Bathed in War's Perfume & Vigil Strange I Kept on the Field One Night
If you have studied American literature or U.S. History in school, it is likely that you are already familiar with Walt Whitman (1819-1892). Although he is sometimes credited as the “father of free verse,” the style of writing poetry that does not adhere to the conventional practices of rhyme and rhythm, in reality, many early period poems (pre-14th century) can be described as free verse. Be that as it may, what is particularly special about Whitman the poet, is how much themes of military life and death, war and patriotism are woven into many of his works.
Listen and follow along with the short video for these first five military themed poems. Focus on Whitman’s words that evoke his obvious respect and compassion for those that serve in the military and, especially, under their nation’s flag.
Bathed in War’s Perfume
Adieu to a Soldier
To the Man-of-War-Bird
Behold this Swarthy Face
The second video (below) will be for Vigil Strange I Kept on the Field One Night. An analysis of the poem Vigil will follow and complete this article. I hope you enjoy my selections.
Poetry Analysis: Whitman's Civil War Influenced Poem
Vigil Strange I Kept on the Field One Night
Walt Whitman's Vigil Strange I Kept On The Field One Night, is a representative selection of his work as influenced by the Civil War. Whitman was not of a mind to simply tell a story for the sake of beauty: He was more concerned with using words to express ideas and thoughts to provoke images of what he believed to be the truth. Vigil is the telling of a moment in time. As portrayed by Whitman, a night where a soldier seeing the death of another soldier, finds himself torn between the compassion and sadness he should feel, and the numbness and blunting of emotions developed from the continual deaths and losses seen in war. It's an emotional and intestinal balancing act between your fears, nerves, and instincts for survival.
The "Self" in this poem, as an essential metaphor, is told from the point of view of "I", as if to mean Whitman himself, but it is used in a manner that inevitably includes the reader as the "I". Whitman describes the death of a soldier and how those who survived felt about the death.
Vigil strange I kept on the field one night;
when you my son and my comrade dropt at my side that day.
One look I but gave which your dear eyes returned
with a look I shall never forget.
This "I" is not just Whitman as the story-teller, it is the reader as the soldier experiencing the event. Whitman creates the images of emotional contradiction with lines such as: "But not a tear fell, not even a long-drawn sigh...." This line is significant because most people faced with the death of someone who may have been family, or at least a friend, would expect a deep sadness, crying, and a sense of emotional pain. Yet, for this surviving soldier, a touch of compassion is all he can muster. He is still consciously, or unconsciously, ever weary of the battlefield. The soldier is obviously sad to lose his friend, but he has already lost so many friends by this time, his feelings are somewhat blunted by now. Whitman's surviving soldier has not turned totally emotionally numb. In the line, "Passing sweet hours, immortal and mystic hours with you dearest comrade . . . not a tear, not a word," you can imagine the surviving soldier's thoughts of the contemplation on this comrades death and his life.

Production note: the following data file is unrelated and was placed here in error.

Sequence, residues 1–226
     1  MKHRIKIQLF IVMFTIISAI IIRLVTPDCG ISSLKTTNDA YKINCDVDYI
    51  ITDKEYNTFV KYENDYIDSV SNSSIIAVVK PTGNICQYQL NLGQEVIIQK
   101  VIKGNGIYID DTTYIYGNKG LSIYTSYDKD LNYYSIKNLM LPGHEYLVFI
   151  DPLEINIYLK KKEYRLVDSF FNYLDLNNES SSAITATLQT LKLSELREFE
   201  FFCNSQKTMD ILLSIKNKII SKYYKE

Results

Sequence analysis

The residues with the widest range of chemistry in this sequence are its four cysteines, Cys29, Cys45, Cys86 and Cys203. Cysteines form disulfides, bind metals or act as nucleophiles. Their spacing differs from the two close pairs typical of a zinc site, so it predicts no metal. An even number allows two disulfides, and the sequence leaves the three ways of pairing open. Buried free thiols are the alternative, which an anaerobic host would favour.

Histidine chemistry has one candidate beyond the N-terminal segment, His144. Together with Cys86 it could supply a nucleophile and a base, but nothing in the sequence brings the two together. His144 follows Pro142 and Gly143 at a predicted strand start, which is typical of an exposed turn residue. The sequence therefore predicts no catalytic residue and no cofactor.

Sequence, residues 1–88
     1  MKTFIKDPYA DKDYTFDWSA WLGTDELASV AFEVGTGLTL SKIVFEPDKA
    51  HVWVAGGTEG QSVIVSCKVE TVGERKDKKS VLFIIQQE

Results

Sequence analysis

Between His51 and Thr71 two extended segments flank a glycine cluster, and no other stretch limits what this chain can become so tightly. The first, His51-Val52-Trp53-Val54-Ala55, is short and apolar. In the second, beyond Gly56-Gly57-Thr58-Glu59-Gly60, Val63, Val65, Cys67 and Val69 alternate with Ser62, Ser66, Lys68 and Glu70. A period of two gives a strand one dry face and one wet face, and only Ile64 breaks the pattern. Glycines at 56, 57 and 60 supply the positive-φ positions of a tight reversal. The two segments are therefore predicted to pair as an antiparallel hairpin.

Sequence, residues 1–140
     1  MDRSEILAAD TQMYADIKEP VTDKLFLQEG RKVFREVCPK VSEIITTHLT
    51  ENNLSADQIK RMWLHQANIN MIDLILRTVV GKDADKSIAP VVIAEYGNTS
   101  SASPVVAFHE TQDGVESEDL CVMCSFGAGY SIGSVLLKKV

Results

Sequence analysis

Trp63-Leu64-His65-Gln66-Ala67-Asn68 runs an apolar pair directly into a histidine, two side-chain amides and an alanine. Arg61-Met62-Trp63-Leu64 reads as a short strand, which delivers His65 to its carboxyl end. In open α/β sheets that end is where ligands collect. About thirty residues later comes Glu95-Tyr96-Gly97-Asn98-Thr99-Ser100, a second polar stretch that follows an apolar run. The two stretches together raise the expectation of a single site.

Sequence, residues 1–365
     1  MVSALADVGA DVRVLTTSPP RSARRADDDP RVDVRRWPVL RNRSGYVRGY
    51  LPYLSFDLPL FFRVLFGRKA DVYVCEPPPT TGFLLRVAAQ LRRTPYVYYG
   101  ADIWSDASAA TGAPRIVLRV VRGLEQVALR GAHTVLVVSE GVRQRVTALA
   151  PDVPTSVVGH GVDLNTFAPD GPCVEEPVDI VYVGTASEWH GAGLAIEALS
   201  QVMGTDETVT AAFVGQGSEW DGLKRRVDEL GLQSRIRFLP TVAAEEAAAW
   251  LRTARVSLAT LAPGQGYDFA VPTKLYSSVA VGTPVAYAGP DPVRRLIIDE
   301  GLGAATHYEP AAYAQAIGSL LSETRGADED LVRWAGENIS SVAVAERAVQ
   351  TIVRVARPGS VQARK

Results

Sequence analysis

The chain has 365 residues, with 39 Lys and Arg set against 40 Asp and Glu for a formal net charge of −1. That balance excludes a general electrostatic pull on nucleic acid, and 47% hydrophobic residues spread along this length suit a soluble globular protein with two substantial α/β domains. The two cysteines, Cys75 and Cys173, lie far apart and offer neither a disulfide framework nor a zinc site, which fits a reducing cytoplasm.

Whitman uses the terms "son," "comrade," and "boy" to signify the fallen soldier. He does not specify a particular relationship but infers many possibilities. His choice of words is both a protection mechanism for the surviving soldier, in order to distance himself from his friend, and as a tool to recognize that this war involved family dying side by side. The term comrade is to lessen the inference of friendship and to signify the relationship as partners of a common purpose, without regard to any emotional or compassionate relationship. Its use is to suppress the pain this soldier holds. However, this is only temporary, because the line, "I faithfully loved you and cared for you living, I think we shall surely meet again," signifies a more seriousness friendship or family connection than the term "comrade". He completes this picture on a positive and compassionate note, by pulling the surviving soldier back up by saying, "I never forget, how as day brightened, I rose from the chill ground and folded my soldier will in his blanket, And buried him where he fell."
Whitman's focus in Vigil was not on the military units, the northern armies, or southern armies. His focus was on the individuals, all the individuals, their emotions, sadness, fears, pains, pride, loneliness, and strength. He presents a completed ending for this short poem: The surviving soldier's ordeal is brought to an end with the burial of his comrade and the coming of the new day. This ending could reflect Whitman's own sense of bringing a sense of completion to this death story and the idea of a new tomorrow.
Walt Whitman's telling story of a soldier who sees his comrade struck down in battle and returns to find him "cold with death" are timeless words, though written more than 150 years ago, could have been written during World War I, World War II, Korea, Vietnam, Panama, Grenada, Desert Storm, Iraq, Afghanistan and would be no less true.
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